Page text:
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Ranger goes high tech

Ford’s new high-tech Ranger makes it attractive for sedan drivers to switch to a bakkie, writes BRYAN TURNER.

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The Ford Ranger has been around for almost 37 years and has taken a massive internal redesign to appeal to a wider audience of drivers. Most notably, the latest Ranger models are now available in a 2-litre configuration, making them far lighter on fuel, while still maintaining enough power to tow up to 3 500 kilograms.

The latest Ranger line comes with big updates to its connectivity and navigation systems. Ford has implemented Sync 3 into its Ranger XLS and Ranger Wildtrak models, which enable these systems to reorganise the driver’s phone into a user-friendly car app environment. The system supports Android Auto and Apple CarPlay, both of which support apps like Spotify and Waze. 

In efforts to increase cabin comfort, Ford has implemented Active Noise Cancellation in the Ranger Wildtrak vehicles. This technology actively listens to the sounds that enter the cabin and play an opposite sound to cancel this noise out. This technology makes noisier roads quieter. The car has also been fitted with acoustic laminated glass to further help block out outside noises.

This system also comes with its own set of smart features, if the driver doesn’t connect a smart device. It has built-in navigation, phone call handling, compass, among others. These built-in features matter most to the segment of the market that doesn’t have a smartphone but wants to connect their Bluetooth-enabled feature phone to the car for handsfree calling.

The driver assist technology includes pedestrian detection, active park assist, lane keep assist, and a data-driven electronic stability program (ESP). While most of these features aren’t new to the market, they are fairly new to the pick-up truck segment. This shows Ford’s attempt to get into the market of passenger cars.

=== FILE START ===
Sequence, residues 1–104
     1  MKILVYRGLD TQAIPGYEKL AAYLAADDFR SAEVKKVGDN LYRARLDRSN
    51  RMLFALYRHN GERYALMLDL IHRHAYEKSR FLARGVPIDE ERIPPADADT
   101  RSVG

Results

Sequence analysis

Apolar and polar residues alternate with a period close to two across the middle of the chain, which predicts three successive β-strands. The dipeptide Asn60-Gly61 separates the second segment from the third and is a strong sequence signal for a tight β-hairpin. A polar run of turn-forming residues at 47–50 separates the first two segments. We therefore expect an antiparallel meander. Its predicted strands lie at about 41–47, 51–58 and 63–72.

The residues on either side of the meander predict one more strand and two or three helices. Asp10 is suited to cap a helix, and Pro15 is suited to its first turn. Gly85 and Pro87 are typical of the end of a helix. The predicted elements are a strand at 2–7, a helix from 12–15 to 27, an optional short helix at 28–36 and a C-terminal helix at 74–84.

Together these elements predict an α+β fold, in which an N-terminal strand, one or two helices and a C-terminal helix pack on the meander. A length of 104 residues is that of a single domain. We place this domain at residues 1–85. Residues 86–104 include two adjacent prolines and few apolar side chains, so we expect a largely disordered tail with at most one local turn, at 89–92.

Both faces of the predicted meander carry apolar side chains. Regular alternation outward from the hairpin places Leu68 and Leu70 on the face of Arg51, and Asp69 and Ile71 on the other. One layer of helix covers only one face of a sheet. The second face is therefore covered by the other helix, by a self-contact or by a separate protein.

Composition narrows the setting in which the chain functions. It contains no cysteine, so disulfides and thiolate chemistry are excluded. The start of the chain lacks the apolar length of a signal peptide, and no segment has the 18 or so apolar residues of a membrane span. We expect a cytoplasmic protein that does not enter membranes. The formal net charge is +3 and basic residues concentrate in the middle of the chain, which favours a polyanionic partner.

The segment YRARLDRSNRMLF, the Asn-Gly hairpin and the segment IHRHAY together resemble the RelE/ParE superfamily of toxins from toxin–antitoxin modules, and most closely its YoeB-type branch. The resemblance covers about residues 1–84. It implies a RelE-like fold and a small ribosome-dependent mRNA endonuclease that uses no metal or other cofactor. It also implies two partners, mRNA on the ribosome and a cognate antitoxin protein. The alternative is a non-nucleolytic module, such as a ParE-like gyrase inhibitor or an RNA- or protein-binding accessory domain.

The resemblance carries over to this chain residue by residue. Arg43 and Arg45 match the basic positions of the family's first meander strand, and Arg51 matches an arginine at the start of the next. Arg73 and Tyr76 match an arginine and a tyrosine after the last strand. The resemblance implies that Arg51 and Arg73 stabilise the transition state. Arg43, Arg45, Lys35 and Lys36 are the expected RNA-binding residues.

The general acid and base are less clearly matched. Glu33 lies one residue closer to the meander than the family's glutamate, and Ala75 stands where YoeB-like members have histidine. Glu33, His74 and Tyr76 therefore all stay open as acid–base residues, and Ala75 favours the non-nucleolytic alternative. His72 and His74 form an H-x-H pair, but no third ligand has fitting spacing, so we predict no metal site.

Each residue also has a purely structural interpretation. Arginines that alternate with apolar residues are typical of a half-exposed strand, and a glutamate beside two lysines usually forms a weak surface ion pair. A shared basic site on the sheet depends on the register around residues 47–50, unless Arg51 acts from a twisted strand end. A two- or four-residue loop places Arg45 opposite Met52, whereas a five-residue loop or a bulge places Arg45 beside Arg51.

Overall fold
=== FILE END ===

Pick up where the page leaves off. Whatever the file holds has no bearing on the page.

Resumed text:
On the security side, Ford has included a full Thatcham security system. This standard is particularly difficult to bypass because the alarm and immobiliser units are in very hard to reach areas. Additionally, the devices are powered by a backup battery so the car’s battery can be removed and the systems will still be operational. Several other parts are fitted into the Ranger in ways that make them far more difficult to remove.

To test the capabilities of the Ranger, Ford let us take it for a drive on a 4×4 trail. As a non-4×4 driver, it was pretty easy to navigate the vehicle and it didn’t get stuck in the deep ditches where I thought it would. Up the hill was one thing, coming down was even more of a pleasure. The hill descent assist helps the driver descend a tough terrain without using the brakes heavily. That said, the system is reactive and not predictive. This means that the car’s sensors are in the wheels, and respond to terrain adjustments instead of predicting how it should react to upcoming terrain.

The 2-litre single-turbo option has optimised the car’s fuel consumption to a mere 6.3l/100km, while still putting out 132KW and 420NM. For a stronger drive, one can opt for the 2-litre bi-turbo option which has a fuel consumption of 7.4l/100km and provides 157KW and 500NM of power. The suspension has also been changed to provide a smoother ride.

Overall, the new Rangers are fuel efficient with impressive technical features, which can attract a different segment of the market. Time will tell if the passenger car segment is ready for a bakkie.

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